Tens of thousands of pro-democracy demonstrators braved the ban on gatherings in Bangkok on Sunday, for the fourth day in a row. They took to the streets to demand the resignation of the Prime Minister and a reform of the monarchy.
“Dissolution of Parliament!”, “Shame on the dictator,” chanted the crowd. The largest gathering, gathered near the Democracy Monument in the heart of the capital, sang the national anthem, raising three fingers, a gesture of resistance borrowed from the movie “Hunger Games”.
The tensions on Friday, when the police evacuated the protesters using water cannons, did not dissuade the protest, a majority of young people.
“Speak freely about the king”
Several demonstrators held up portraits of leaders of the protest arrested in recent days, including that of activist Anon Numpa detained in Chiang Mai (north). Helmets, goggles and protective masks were distributed against a possible charge from the police.
“There will be no democracy in this country without reform of the monarchy,” said a 24-year-old, on condition of anonymity. “I want to be able to speak freely about the king, it is a legitimate right”, launched a student.
The movement urges the repeal of the lese majesté law which punishes from three to fifteen years in prison any defamation or insult to the monarch and his family. He also asks for more transparency in the finances of the wealthy monarchy and the non-interference of the sovereign in political affairs.
King Maha Vajiralongkorn did not directly comment on the events, but said Thailand “needs a people who love their country”.
Another, smaller gathering was held in the heart of the business district. The organizers called for other demonstrations in several provinces of the kingdom, as well as abroad. On Saturday, tens of thousands of people had already demonstrated at several sites outside the city center.
“If the protesters defy the law, the police will do whatever is necessary to enforce it,” national police spokesman Yingyos Thepjumnong warned.
The movement, which has been on the march for three months, calls for a reform of the Constitution. “We must change the amendment on senators”, appointed entirely by the military, noted Phat, a 24-year-old lawyer.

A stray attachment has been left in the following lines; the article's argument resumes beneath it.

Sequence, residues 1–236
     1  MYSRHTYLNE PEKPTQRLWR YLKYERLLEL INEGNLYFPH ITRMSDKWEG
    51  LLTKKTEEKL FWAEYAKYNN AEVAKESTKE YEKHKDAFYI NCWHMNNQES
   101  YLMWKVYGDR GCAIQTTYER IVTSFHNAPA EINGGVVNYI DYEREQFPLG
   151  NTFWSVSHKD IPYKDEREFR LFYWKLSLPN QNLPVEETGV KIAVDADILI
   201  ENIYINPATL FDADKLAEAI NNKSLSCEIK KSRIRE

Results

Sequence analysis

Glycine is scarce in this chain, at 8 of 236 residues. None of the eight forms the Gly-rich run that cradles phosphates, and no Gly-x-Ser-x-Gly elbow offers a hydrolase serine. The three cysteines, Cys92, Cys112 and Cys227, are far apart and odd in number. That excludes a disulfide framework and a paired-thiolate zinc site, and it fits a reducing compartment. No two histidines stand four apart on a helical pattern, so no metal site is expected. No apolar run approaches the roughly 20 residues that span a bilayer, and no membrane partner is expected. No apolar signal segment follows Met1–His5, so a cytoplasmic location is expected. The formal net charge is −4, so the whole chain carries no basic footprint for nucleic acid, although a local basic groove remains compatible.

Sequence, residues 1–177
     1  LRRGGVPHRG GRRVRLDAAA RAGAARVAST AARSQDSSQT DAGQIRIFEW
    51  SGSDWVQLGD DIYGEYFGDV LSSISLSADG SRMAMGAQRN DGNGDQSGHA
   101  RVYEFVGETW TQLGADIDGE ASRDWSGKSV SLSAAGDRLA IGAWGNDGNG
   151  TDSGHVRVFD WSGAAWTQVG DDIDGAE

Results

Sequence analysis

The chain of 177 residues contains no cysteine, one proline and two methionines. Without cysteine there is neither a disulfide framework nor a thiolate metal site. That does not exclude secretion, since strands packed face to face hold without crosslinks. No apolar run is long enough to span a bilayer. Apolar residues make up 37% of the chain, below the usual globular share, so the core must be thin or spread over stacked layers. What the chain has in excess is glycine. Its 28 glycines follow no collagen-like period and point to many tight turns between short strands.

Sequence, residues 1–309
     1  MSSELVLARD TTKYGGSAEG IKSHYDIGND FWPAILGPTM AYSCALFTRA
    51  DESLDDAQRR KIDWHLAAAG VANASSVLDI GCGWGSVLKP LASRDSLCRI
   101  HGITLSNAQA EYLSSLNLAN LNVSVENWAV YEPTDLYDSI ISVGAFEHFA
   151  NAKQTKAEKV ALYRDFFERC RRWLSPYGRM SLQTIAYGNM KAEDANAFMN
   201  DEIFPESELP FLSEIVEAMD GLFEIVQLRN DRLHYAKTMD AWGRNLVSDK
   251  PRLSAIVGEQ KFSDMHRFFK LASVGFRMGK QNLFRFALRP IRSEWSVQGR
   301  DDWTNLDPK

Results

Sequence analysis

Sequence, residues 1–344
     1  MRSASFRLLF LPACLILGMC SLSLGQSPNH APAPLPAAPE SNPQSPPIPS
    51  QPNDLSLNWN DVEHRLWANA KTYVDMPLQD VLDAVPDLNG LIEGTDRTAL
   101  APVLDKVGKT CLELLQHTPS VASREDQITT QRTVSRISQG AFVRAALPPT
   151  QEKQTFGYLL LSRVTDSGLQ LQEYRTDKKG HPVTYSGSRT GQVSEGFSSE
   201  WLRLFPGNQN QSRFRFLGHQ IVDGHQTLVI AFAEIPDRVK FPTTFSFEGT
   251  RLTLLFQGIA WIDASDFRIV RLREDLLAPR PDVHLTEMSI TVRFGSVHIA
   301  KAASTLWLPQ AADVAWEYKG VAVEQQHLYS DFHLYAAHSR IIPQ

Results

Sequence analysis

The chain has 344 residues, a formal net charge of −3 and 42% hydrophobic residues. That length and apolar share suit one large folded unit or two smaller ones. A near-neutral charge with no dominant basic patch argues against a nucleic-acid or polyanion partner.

Threat of curfew
Protesters are also calling for the resignation of Prime Minister General Prayut Chan-O-Cha, brought to power by a coup in 2014 and legitimized by controversial elections last year. Some denounce its “bad” economic record as the country, locked since the coronavirus pandemic and very dependent on tourism, is in the midst of a recession, with millions of people unemployed.
The soldier has warned that he will not resign, brandishing the threat of a curfew if the situation continues. Ban on gatherings of more than four people, proscription of online publications deemed “contrary to national security”: the authorities have already promulgated emergency measures Thursday to try to break the dispute.
They justified their decision by denouncing incidents against a royal procession: dozens of demonstrators had raised three fingers on Wednesday in front of Queen Suthida’s vehicle in a sign of challenge.
The emergency decree promulgated is “a green light (…) to violate fundamental rights and make arbitrary arrests with complete impunity,” lamented the NGO Human Rights Watch on Saturday, while dozens of activists were arrested in recent days.
Thailand is used to political violence, with twelve coups d’état since the abolition of the absolute monarchy in 1932. Some observers note that a new seizure of power by the military might be possible if the situation were to continue.